• By: Kelly McDonald- CEO
  • February 1, 2021
  • 2 Comments

Find out who is #FakeFamous


Social media continues to take the world by storm, and now everyone wants to play a more significant part in it as famous influencers. Quite frankly, we can’t blame people for dreaming of becoming Instagram or TikTok famous because who doesn’t want to be showered with free products and get paid by posting photos? Admit it. We’ve all been tempted to quit our job and become a full time travel or food influencer - well I sure have! 

Unfortunately for brands, it is becoming ten times more challenging to differentiate the real influencers from the #FakeFluencers. The lack of clarity is becoming a growing concern in the industry, causing brands to lose their belief in influencers as a legitimate, effective way of reaching their target markets; which couldn’t be farther from the truth.

Influencer marketing, when done correctly, is one of the most effective forms of advertising. Wanting to be an influencer, no matter what it takes, is so vogue that HBO is came out with a new documentary called ‘Fake Famous,’ which is a social experiment-based film that takes us on the road with three ordinary people who will become social media “stars”. Numerous studies reveal that high school and college students (and way beyond!) often revere Likes and Followers, to the most important thing on Earth today: Fame. This HBO documentary doesn’t purport to be the next Borat, but it’s certainly aimed to be another wake-up call to social media users today regarding a very significant term: influencer fraud.

‘Influencer fraud’. What is it? And why does it sound so terrible?

Influencer fraud is, in three words: bad for business. That much is obvious. But to truly understand just how bad it is for business, one must first delve into the world of fake influencers.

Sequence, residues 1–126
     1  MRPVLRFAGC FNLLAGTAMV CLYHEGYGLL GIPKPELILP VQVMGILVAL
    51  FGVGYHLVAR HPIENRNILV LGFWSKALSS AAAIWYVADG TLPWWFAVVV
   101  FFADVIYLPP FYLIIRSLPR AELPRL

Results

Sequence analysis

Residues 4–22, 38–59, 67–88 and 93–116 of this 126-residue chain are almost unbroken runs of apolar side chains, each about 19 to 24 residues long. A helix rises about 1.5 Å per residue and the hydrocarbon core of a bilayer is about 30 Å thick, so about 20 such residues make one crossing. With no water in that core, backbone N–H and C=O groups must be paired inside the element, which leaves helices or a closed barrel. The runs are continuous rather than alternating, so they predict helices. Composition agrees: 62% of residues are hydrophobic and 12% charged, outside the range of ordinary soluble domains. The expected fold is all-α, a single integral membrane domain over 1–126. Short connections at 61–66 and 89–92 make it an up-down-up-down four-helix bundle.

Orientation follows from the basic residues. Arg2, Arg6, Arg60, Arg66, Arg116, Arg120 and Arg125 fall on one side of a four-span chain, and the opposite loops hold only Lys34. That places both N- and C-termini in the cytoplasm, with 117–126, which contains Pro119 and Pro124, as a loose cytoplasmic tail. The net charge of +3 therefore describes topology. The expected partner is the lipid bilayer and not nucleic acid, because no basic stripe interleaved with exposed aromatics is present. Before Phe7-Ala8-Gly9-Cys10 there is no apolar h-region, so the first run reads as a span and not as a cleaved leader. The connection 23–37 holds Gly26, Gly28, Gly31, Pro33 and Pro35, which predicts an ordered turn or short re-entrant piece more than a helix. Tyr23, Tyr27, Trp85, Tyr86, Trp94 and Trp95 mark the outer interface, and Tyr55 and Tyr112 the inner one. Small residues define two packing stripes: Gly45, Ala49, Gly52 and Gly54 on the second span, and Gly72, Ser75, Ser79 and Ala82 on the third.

Why are fake influencers a big no-no in the world of marketing? It’s important to remember that the very point of influencers – besides playing their role to appear on our daily social feeds – is to promote products. So, when a company decides to invest their money in an influencer whose followers are either bots they paid for, or mass followers, who will follow you for a follow back, nobody actually buys what is being promoted. This results in a general loss to the company and influencer marketing as a whole. Both the bigger companies, who may not feel the sting as much as a start-up, who have so much to lose will lose their faith in this proven tactic.

It is easy to build up a social media entourage by buying bots that will stand as followers to make someone look like a legit influencer. These services have also stepped their game up in creating staged content to gain more attention from social media users, making them look even more legit. All they need is a good photo app, an interesting background, and a nice outfit curated together to get the perfect shot worthy of thousands of likes.

From there, they start racking up fake comments and likes to make their page seem active and engaging. Once they hit at least four digits of followers, brands take notice, and that’s when collaborations commence. Brands usually send out ‘in kind’ products to the influencers, and part with precious budget dollars, utterly oblivious that there will be no return on this investment.  

Spotting the Fake Famous #FakeFluencers

Companies have become so sophisticated at manipulating social media profiles that anyone would think their followers, comments and likes are real! So how can you tell the real and the fake famous apart?

Sudden spikes in an influencer’s follower count is one indicator. Unless of course, that person is Noah Centineo after the release of ‘To All The Boys I’ve Loved Before’, it’s highly likely that this person may have just bought more followers. Fake influencers may also post too little content to have that many followers.

There are plenty of other ways to vet prospective influencers before hiring them. But what is, perhaps, the easiest method of doing so is by resorting to Kyndoo’s Kyndex score. 

We have made it our mission to rip open the shades and shine the light on the fraudulent influencers and the influencer marketplaces that promote them.

We are the only service that vets influencers for authentic audiences, unusual follower-to-engagement ratios, reach and performance data, brand safety measures, tracks attribution and all of those other complicated terms you won’t have to worry about, because we KYNDOO it for you!

To find out who is Fake Famous versus who is a Real Influencer get their Kyndex Report.

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Comments (2)

Sydney

This is scary but true - thanks for highlighting. We know that brands can "buy" followers to boost their legitimacy when they launch so it makes sense that influencers do the same. Thanks for highlighting.

February 2, 2021
Susana

This should definitely be more talked about! And as Kyndoo customers ourselves, this is why what you provide us is so valuable.

February 3, 2021
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